Collie was back at practice just two days after his last concussion. He wasn't dressed, but he was out there, a clear sign that he wanted to return. Now he's back in pads, but not taking contact. Coach Chuck Pagano thinks Collie "has a chance" to return by Week 1, indicating that his concussion symptoms have lessened, if not gone away. Collie has not yet been cleared to play, though there are conflicting reports as to whether he's passed the baseline tests. (One side note: Since baselines are redone every year, does Collie's history of concussions lower his results, which is the opposite of what we'd want? Opinions vary on this, especially considering the studies that question the ImPACT protocol that's currently used.) Collie may or may not be ready for Week 1, but he's comfortable trying. He's very likely to play again, although that's between him and his doctors. I picked him up as a last-round flyer in a couple leagues, given the amount of targets he got in the first preseason game and his likely WR2 role for Andrew Luck's offense.
Long hasn't shown his face much on Hard Knocks, but that's probably for the best. Top offensive linemen are pretty boring. We'll see whether his injury makes the broadcast -- he hurt his knee during Monday's practice. An MRI showed a mild sprain of his MCL, which is about the best news the Dolphins could have gotten besides Long avoiding injury altogether. He will be ready for Week 1, with the only question now being whether he'll need a special brace to protect the knee. Long normally wears a brace, so it shouldn't affect his play. This is a huge plus for Ryan Tannehill, his WRs, and Reggie Bush.
The Giants were hoping that Amukamara would upgrade their defensive backfield last season. A broken foot kept that from happening, so they hit reset. Cue the Groundhog Day references, because he's injured again. This time an ankle sprain has kept him off the field. He should be back for Week 2, and the Giants will need him with Terrell Thomas out. The question is can he stay healthy or will he always be limited? We have almost no idea what kind of workload Amukamara can handle aside from noting that he played well at Nebraska.
Michael Vick will be ready for Week 1. He's got his Unequal rib protector, but he's just slightly sore. By gametime, he'll be 100% and a must-start in Week 1 ... Adrian Peterson is taking more contact in practice, but not full-blown tackles. That could come later this week, but there's no sign yet that he is any less than 100% ready for Week 1. Regardless, expect his touches to be slightly down, shared with Toby Gerhart ... It's not a surprise that Jahvid Best starts the season on the PUP. His concussion symptoms are still there and may never go away. He's got no place on a fantasy roster right now. The Lions are desperate for RBs with Kevin Smith nursing a sprained ankle. If Detroit can find someone on the trade market or even waiver wire, Smith's position becomes tenuous and his fantasy value plummets. Knowshon Moreno, Matthew Stafford's college teammate, is one name that's being mentioned ...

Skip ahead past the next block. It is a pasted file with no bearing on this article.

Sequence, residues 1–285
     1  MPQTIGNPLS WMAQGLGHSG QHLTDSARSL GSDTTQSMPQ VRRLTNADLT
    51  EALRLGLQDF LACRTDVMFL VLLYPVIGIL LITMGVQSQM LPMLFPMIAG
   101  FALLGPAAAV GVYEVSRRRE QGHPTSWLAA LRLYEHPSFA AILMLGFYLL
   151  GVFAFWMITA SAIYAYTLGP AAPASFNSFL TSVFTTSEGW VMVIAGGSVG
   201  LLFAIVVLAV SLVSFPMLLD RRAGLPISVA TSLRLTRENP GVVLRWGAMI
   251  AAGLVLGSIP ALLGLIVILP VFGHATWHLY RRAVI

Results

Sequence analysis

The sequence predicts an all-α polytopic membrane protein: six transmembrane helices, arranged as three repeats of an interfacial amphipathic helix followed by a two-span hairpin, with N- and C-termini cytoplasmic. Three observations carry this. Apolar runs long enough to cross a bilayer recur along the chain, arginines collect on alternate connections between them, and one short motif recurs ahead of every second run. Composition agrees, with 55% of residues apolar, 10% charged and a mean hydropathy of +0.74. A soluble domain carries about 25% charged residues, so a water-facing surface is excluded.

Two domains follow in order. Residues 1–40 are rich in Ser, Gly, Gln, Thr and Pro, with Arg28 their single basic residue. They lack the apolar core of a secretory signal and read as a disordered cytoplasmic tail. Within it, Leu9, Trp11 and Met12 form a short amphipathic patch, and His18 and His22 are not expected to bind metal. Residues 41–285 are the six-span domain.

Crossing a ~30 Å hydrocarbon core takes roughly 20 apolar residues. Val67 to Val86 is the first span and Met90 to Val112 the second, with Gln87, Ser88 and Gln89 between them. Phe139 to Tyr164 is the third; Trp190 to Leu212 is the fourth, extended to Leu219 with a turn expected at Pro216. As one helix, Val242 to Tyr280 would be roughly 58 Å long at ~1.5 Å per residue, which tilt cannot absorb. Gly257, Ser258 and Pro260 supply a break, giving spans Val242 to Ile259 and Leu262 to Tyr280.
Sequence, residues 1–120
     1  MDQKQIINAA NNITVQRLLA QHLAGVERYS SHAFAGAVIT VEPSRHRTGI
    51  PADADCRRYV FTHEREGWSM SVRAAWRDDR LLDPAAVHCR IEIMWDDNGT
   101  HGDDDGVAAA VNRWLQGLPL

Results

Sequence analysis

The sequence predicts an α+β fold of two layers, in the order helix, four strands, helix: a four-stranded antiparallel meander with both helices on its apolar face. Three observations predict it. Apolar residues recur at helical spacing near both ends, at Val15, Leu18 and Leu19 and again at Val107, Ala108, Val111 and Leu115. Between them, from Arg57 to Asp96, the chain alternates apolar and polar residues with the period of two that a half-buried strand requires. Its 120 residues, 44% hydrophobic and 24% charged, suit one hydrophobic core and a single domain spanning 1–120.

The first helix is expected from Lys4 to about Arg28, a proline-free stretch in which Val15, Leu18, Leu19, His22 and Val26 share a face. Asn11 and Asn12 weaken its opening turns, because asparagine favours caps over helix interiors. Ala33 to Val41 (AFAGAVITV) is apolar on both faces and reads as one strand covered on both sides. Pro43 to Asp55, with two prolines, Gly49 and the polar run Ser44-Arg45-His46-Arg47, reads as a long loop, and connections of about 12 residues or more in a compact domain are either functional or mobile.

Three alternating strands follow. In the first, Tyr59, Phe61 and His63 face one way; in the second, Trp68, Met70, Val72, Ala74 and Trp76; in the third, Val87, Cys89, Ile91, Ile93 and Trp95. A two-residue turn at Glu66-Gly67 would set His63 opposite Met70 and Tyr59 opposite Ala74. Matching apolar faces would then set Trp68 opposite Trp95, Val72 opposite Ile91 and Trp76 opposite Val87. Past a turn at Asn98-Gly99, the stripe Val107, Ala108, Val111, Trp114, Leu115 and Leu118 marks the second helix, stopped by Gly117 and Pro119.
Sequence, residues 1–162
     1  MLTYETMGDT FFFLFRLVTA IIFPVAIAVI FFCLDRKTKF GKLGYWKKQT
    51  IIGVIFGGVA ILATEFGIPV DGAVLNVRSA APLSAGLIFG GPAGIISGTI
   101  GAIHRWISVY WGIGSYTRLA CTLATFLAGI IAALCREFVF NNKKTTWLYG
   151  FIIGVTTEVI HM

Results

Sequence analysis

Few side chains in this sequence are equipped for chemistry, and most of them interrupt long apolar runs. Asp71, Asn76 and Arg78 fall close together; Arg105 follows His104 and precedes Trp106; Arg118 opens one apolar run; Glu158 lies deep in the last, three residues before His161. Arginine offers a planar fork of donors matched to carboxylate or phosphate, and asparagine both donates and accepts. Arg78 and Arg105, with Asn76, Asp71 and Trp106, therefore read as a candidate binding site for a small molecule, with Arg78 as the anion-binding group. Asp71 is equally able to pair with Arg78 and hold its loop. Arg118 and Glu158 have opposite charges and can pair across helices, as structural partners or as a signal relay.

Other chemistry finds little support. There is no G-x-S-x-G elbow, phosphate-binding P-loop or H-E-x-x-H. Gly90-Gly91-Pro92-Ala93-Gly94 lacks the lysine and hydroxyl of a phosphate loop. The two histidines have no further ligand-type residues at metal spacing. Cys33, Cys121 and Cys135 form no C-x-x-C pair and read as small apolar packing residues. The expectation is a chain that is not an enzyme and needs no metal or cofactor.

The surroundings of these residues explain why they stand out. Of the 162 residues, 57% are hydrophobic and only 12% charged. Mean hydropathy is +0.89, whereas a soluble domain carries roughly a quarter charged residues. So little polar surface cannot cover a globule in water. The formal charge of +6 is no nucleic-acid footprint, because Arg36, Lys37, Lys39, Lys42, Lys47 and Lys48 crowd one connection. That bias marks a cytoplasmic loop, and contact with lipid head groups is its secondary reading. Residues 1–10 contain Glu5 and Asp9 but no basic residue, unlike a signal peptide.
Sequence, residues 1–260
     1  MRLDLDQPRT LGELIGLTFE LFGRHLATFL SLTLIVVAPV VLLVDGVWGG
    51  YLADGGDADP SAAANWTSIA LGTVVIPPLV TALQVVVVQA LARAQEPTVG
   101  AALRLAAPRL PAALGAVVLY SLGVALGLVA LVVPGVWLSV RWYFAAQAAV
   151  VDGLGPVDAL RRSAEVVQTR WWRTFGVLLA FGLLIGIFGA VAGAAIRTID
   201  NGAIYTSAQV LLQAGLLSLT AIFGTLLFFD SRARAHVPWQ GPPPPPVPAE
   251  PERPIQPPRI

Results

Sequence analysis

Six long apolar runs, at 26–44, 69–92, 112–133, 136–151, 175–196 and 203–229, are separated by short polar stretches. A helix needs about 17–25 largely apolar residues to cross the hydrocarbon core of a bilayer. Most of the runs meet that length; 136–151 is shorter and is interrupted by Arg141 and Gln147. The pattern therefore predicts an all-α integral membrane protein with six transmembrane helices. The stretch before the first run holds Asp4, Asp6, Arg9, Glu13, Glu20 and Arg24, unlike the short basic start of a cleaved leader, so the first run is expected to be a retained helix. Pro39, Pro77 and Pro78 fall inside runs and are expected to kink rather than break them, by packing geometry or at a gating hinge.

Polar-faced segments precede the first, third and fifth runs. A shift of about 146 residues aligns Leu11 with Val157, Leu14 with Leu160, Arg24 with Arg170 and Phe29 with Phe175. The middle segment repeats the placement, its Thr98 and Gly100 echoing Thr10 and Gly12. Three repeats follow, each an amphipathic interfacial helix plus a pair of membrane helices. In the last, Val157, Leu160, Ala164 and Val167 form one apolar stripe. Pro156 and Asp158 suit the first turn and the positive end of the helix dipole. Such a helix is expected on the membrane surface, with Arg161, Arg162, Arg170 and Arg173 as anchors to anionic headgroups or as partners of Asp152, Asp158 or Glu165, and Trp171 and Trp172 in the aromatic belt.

Roy Helu played and played well in the Redskins' last preseason game. It's tough to judge him since Tampa rested its starters, but if all you wanted to see was that Helu is healthy now, you saw it. He's still risky, since Achilles strains tend to linger ...Hakeem Nicks looks ready to go for the Giants. His fractured foot has healed up for the most part and what little issue he's still having can be covered by running certain routes and not others ... Mike Wallace reported to the Steelers on Tuesday. Sources tell me he's in pretty good shape, but isn't up to speed on the offense. Many are thinking he could be a bit limited in the first couple games, depending on how he quickly picks up the system. To me, his physical condition, the Steelers' running problems, and the way Ben Roethlisberger improvises make Wallace a decent gamble ...
Kyle Cook could miss the entire season with a serious foot injury, which hurts the Bengals' offense significantly, especially since they're already replacing LG Travelle Wharton and starting a rookie, Kevin Zeitler, at RG ... Jammal Brown underwent hip surgery. The Skins are hoping to have him back around Week 6, but it could be longer ... Brian Urlacher will be back on the practice field next week. If his repaired knee continues to swell, the worry won't be whether he's ready for Week 1, but if he'll be ready at all ...
I don't want to get into the uncomfortable details about the DJ Williams suspension, but it highlights just how lax the NFL's testing program is. In all other major sports, collectors have to "see the stream", but the NFL has allowed a more modest procedure ... I'll be back with an Injury Report next Wednesday, just in time for the season's kickoff game. We'll also start up the Friday chat session and, of course, the Sunday Med Check next week as well.